The 2018 Boston Marathon will, like the 1976 Boston Marathon, go down as a historical event. The wind, the rain, the sleet, the constant pounding made for one hellacious marathon. But, in discussions with coaches, athletes and observers, I see five important lessons to learn from this years’ Boston marathon.
Yuki Kawauchi battling the elements, photo by PhotoRun.net
1. The more you race Boston, the more you learn about the course.
Desi Linden has run the Boston marathon six times as of April 16, 2018. That experience, that knowledge of how ones’ body responds to the course, the downhills, the uphills and the competition. Desi Linden has seen everthing on the Boston course. Over the weekend, Desi noted, ” I love the Boston marathon. It is THE marathon. I love the course. The Boston marathon is why I am still racing today.” Linden became a student of the Boston marathon. She knew about the races that preceded her. She had lost by two seconds in 2011. Desi Linden knew, in her DNA what writer John Parker called the ” Miles of Trial and the Trials of Miles.”
2. If one is patient, ones time will come.
Yuki Kawauchi is an example of this. Kawauchi ran a very cold marathon in January, and experienced conditions that could rival Boston 2018. He was with the lead pack, and he followed Geoffrey Kirui. When Kirui faltered, over miles 22, 23 and 24, Kawauchi pounced and made history, becoming the first Japanese marathoner to win Boston since Toshihiko Seko in 1987.
Bill Rodgers told the story to @runblogrun of his successful races in Boston. He noted that, until the Newton Hills, he would normally feel pretty poor, then, as he strode up the hills, he felt better and committed to the races. That feeling happened in all four of his wins.
3. Race for place, not for time.
Runners today are obsessed with times and fast times seem to rule. Funny thing is, the best racers are not always the fastest runner. Look at Meb Keflezighi. Meb won Boston and NYC. He also took silver in Athens. He never ran a 2:04 marathon. But, Meb defeated some guys who ran very, very fast. In Boston 2018, look at the top ten, athletes who learned how to stay in control, and move late in the race succeeded. The drop out rates were atrocious, yet some athletes ran fantastic races. The athletes who thrived in the carnage raced for place.
Tyler Pennel, who was fourth in the men’s race, took his coach, Pete Rea of Reebok ZAP Fitness to heart. When Pete told Tyler, the day before to run for place, not for time. Tyler did not wear his race watch, and focused on finishing well. Tyler moved from sixteen or seventeenth at midway to fourth place in the Boston race. He raced the last 10k, instead of struggling to the finish. Racing is a skill that must be honed. From the success of the American men and women in the top ten, it looks like some are taking that mantra to heart.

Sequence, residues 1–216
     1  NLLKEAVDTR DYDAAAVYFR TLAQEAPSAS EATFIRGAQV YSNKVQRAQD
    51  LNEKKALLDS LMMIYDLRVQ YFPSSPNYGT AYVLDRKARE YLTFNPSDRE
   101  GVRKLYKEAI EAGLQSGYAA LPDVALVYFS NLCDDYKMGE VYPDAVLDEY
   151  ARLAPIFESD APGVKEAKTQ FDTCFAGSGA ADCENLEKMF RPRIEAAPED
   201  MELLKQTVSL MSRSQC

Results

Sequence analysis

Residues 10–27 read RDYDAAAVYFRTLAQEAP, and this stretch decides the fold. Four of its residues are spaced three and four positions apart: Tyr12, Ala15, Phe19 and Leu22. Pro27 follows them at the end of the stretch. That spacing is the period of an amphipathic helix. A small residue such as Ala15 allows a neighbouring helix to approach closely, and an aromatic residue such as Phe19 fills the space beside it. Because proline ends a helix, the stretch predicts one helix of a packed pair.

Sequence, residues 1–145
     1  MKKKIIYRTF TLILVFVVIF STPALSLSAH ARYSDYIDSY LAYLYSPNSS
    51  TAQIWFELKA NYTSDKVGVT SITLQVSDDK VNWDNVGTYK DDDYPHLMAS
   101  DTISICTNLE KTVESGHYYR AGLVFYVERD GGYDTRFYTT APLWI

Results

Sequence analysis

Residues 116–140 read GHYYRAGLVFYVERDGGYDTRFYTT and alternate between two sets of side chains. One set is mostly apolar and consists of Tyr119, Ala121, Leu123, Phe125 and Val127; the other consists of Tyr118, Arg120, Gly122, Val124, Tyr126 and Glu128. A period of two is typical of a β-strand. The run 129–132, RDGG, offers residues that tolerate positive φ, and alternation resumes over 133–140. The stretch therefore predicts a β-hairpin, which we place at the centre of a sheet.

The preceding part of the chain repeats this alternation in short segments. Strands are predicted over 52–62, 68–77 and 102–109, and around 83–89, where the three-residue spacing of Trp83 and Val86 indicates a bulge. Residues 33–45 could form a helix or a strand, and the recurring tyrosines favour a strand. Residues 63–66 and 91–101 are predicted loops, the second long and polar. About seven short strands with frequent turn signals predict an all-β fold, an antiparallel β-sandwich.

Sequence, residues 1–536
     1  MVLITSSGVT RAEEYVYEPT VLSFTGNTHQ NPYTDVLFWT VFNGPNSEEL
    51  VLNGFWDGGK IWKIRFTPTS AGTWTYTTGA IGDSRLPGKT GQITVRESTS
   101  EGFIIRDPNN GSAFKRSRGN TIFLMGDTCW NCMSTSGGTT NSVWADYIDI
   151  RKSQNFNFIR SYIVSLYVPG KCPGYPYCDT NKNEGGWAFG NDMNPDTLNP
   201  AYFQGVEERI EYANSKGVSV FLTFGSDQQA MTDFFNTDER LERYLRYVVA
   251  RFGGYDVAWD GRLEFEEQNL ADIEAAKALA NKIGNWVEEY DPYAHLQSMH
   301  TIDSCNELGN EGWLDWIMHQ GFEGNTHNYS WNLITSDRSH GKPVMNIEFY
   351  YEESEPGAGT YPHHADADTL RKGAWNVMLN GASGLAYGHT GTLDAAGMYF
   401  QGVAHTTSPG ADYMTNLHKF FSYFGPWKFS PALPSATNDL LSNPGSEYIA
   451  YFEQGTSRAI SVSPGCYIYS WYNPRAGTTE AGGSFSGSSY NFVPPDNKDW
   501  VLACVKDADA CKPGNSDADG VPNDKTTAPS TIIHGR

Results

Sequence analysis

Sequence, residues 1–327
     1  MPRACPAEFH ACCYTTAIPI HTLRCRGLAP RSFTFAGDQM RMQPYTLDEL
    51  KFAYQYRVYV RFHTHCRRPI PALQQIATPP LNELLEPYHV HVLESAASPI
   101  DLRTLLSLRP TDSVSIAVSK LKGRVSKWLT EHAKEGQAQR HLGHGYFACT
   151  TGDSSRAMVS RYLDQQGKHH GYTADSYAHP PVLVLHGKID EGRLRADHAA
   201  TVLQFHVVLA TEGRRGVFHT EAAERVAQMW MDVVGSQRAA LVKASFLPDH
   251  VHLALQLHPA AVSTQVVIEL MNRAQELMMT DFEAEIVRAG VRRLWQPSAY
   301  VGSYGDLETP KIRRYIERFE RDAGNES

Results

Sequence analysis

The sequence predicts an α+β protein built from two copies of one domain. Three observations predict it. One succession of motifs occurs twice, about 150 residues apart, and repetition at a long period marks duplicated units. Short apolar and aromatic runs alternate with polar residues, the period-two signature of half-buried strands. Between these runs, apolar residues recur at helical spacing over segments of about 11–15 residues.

4. The 2018 Boston challenged marathoners both physically and mentally. Boston Strong versus Mother Nature.
If one goes over the finish rates in World Marathon Majors over the last decade, one finds finish rates of 98 percent and above, in many instances. In 2018 Boston, one saw finish rates of 95 percent, which is amazingly high, considering the day, This field of fit athletes weathered the storm surprisingly well. Marathoners can handle heat, they can also handle cold, and they did amazingly well in the cold and wind on Monday. But, there are limits on human endeavor. Some found theirs on Monday. Retiring from a race before one has hurt oneself is not something bad. One has good race days and bad race days. The prolific and thoughtful writer, Hal Higdon, once wrote for Runner’s World about having a personal best day, but also having a personal worst day. I remember having a few of those. It is a good lesson. When one can not race, finishing, if it is within one’s goals without risking health, is a good alternative.
The finisher rate in Boston proves, once again the Boston has the fittest field of any marathon in the world. It also shows that even the fittest have their limits. The Boston Globe rightly complemented the finish rate of Boston. Mother Nature tried its hardest and 95 percent of the starters finished! What an example of Boston strong.
5. The volunteers, the race management, the EMT, Police and Fire, all did their job.
A huge thanks to the management of the Boston marathon. They did their very best to warn the competitors, and did all that they could to prepare for the conditions. The volunteers, the EMTs, the Police and Fire Department, and yes, the Medical were all there. They provide an extremely important service and the knowledge for the runners that the teams are there, in case they are needed, gives competitors more confidence. The EMTs were busy yesterday as were the medical crews. Hyperthermia was the word of the day and the athletes, elite and non-elite were battling the elements. Thank god, the race management had prepared. A huge congrats to David McGillivray and his team, who did all that they could to prepare for the nightmare conditions.